The film follows Kao Niew as she's sent to live with her aunt and grandmother after her mother (Sinitha Bunyasak) leaves Bangkok to pursue her career. The child finds a puppy with a passion for grilled pork, which she promptly christens Moo Ping. However, when her new friend is discovered by her aunt and grandmother, they call in the dogcatcher. Kao Niew runs away, heartbroken, in search of her canine companion. Television host Patcharasri 'Kalamae' Benjamas makes her film debut as the modern aunt, and the rest of the cast includes former siren Naowarat Suesat, veteran actress Marasree Israngoon Na Ayuthaya and Winyoo Janjao, as well as three more of Siwaporn's dogs.


Although it's her first time behind the cameras, Siwaporn is no industry novice. She began her career as co-writer of the script for 1992's Romantic Blue, a breakthrough success at the box office for a Thai film. She then became a film critic, writing for and editing numerous journals, including Cinemag, Sarakadee and Jumpcut, while hosting the now-defunct website Bangkokcinema.com. In 2002, she produced Kongdej Jaturanrassamee's debut feature, Sayew, followed by her brother Thanakorn's first two features, Fake and The Story of X-Circle, and then Kongdej's second feature, Midnight, My Love. This year, she also co-wrote and produced The Sperm, Taweewat Wantha's second movie.


'The films I produce tend to have a niche audience somewhere between a commercial and an art-house audience,' she says. 'I call this niche Distinct Films in that they're distinct from commercial films and have their own character.'


Her production experience didn't help that much as a director, however. 'Directing is all about having complete creative control. Producing is, well, producing - although I've been lucky as a producer to also have been involved in editing, so I've seen the larger picture while filming.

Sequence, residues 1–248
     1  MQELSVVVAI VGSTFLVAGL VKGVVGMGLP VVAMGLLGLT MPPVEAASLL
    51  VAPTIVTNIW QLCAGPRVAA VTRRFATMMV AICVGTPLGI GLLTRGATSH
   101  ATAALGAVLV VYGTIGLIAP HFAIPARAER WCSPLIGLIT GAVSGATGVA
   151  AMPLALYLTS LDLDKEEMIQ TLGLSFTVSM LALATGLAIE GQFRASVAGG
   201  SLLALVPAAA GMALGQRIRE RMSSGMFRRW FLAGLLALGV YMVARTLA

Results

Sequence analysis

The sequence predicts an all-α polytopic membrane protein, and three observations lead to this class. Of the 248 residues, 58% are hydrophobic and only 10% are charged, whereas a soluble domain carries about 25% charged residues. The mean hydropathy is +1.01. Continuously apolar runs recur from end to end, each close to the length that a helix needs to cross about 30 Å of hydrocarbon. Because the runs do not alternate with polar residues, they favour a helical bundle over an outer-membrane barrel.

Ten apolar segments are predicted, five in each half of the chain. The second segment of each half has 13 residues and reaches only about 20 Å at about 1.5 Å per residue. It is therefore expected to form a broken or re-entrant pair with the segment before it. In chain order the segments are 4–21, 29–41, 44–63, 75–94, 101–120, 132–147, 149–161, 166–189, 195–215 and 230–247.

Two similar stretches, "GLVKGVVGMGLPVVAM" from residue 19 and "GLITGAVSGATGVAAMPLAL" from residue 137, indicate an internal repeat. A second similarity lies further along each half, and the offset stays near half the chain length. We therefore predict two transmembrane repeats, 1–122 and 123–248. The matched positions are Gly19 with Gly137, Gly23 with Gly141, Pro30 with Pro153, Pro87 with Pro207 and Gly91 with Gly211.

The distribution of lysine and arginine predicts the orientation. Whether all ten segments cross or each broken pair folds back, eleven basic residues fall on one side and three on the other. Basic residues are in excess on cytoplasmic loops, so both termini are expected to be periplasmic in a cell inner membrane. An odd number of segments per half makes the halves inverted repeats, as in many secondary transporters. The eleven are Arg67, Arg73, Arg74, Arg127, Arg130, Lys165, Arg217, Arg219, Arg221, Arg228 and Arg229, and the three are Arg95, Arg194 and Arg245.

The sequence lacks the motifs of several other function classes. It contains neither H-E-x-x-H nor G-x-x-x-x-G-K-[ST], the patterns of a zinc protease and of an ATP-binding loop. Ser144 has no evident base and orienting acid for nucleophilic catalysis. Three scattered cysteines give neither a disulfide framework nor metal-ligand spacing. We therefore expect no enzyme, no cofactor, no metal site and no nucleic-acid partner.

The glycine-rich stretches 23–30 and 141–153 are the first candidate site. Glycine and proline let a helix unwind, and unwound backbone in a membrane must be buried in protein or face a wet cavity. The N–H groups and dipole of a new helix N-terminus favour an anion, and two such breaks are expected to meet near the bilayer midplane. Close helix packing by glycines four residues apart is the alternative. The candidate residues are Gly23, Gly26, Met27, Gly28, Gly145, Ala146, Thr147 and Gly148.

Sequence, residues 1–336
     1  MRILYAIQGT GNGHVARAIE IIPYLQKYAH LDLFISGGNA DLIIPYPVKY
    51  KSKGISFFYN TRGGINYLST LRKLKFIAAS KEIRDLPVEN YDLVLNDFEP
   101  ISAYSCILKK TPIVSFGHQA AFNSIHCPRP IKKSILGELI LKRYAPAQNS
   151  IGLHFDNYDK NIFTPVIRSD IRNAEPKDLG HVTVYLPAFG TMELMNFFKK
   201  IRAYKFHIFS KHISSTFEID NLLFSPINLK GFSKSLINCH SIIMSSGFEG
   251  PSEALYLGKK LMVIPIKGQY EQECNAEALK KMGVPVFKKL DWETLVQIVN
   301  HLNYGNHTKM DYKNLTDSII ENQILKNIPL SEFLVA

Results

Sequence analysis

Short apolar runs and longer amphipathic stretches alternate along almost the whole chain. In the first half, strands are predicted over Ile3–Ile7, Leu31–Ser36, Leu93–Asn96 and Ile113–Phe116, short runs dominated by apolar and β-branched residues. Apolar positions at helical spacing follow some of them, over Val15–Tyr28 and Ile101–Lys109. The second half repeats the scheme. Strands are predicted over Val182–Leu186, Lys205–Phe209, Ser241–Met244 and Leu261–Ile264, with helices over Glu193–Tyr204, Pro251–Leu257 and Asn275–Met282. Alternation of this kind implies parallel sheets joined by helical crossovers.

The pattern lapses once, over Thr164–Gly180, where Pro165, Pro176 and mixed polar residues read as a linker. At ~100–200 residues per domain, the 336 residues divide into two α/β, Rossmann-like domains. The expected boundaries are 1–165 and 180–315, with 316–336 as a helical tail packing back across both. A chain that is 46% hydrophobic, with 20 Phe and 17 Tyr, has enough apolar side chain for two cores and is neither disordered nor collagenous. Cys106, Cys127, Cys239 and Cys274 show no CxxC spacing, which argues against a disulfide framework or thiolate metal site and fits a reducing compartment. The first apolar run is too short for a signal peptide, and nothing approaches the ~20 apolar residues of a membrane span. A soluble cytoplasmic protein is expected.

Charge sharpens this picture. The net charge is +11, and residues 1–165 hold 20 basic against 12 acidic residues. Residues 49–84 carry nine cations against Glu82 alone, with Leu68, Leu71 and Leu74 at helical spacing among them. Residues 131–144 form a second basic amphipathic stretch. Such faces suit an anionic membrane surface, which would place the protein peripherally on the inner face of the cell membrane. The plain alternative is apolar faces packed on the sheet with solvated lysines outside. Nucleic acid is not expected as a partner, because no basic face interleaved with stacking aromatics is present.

'As for directing my own feature, it's a dream I harboured when I was young. But as I grew older, that desire faded. I encountered a talented new generation of directors with projects that I wanted to see made into films, so I became a producer. Finally, my desire to direct my own films returned.'


She says the list of directors who inspire her is 'almost endless', but she particularly enjoys the work of Hong Kong directors such as Wong Kar-wai, Peter Chan Ho-sun and Johnny To Kei-fung, as well as that of French filmmaker Claire Denis and American David Lynch.


Siwaporn says she won't be rushing to work with animals again. 'The problem is the waiting. You have to keep watching their movements. But there's always a moment - I call it the miracle moment - when they'll surprise you with their incredible acting.'


Her next film as a director will focus on another of her passions: cooking. 'It will be a drama,' she says. 'Something to hopefully capture the magic of my country's amazing food.


'You see, I feel like I should make films about things that I love because then I'm happy the entire time I'm working on it.'


A Bite of Love opens today